Resende, M., Silveira, M., and Resende, T., "Topologycal Optimization Applied to Design of an Automotive Hood," SAE Technical Paper 2016-36-0210, 2016, doi:10.4271/2016-36-0210.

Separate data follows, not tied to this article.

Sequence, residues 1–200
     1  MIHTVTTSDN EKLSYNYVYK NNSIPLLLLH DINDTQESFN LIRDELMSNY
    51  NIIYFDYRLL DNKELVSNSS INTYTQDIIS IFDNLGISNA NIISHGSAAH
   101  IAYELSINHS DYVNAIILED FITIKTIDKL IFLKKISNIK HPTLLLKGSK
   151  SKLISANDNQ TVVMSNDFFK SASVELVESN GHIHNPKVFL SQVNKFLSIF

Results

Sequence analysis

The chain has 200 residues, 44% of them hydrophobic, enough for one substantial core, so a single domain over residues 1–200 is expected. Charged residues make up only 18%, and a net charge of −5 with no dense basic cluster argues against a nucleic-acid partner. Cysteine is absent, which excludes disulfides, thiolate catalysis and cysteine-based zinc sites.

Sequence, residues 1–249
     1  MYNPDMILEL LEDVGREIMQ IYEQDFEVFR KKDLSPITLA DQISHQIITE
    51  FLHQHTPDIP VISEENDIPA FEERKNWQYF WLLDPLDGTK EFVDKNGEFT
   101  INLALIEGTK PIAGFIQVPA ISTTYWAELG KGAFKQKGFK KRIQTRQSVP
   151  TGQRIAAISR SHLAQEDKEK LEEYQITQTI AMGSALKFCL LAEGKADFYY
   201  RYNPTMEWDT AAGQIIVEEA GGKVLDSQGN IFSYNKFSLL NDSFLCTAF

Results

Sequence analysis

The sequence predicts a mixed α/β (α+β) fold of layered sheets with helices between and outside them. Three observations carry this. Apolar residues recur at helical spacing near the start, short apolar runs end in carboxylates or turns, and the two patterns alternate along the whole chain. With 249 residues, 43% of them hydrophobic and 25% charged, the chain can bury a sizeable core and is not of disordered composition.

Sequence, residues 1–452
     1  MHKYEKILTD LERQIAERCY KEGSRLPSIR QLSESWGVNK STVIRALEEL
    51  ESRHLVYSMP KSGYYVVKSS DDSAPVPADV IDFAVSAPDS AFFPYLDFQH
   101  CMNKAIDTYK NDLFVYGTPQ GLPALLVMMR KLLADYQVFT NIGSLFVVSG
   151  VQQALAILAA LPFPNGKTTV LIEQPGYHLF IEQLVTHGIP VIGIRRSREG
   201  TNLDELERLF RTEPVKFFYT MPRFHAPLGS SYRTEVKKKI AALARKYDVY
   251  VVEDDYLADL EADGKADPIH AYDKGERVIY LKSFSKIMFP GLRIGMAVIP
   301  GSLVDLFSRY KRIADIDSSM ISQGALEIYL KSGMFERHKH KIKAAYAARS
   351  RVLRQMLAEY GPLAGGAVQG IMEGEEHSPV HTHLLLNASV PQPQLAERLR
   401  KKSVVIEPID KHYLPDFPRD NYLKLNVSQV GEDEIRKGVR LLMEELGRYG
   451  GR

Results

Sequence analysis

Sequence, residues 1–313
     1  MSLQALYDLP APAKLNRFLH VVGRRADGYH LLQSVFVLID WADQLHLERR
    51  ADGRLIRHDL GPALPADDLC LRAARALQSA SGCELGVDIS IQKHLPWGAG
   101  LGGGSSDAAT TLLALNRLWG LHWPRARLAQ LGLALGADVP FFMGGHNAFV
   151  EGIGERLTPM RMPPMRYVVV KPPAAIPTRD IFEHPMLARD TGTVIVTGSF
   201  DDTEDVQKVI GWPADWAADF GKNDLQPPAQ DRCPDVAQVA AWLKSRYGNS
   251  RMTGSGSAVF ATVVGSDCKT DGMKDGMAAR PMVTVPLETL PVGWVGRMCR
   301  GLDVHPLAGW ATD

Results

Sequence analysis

The numerical simulation is currently an essential tool in the automotive engineering because it is possible in the virtual stage of product development to evaluate the performance of a component in the level of stress that would it be submitted, as well as evaluating displacement, natural frequency, stiffness and to the feasibility of manufacturing. Due to the stringent emission standards and pollutant, as well as sustainability guidelines, the goal of any automotive design is always seeking the maximum structural performance with minimal possible mass. This premise leads directly to a numerical optimization problem, that seeks the maximum (or minimum) of a function, subject to several constraints. Numerical optimization techniques can be divided mainly into: shape optimization, parametric optimization and topology optimization. In order to relieve mass during the process of forming it is common to perform a cutting operation to remove material in parts that are less required. In theory, this is characterized in a typical topology optimization problem, which consists in "holes" on the part topology, so as to remove the mass as possible without significant loss of performance. Thus, this work consisted of using topology optimization techniques to design the internal panel of a hood (hood inner panel) that provides the maximum ratio stiffness / mass to the entire hood. The results were compared with default settings found on the market and in which were evaluated the torsional stiffness, maximum stress, and natural frequencies. The results showed that the use of topology optimization for sheet metal forming are feasible and promising.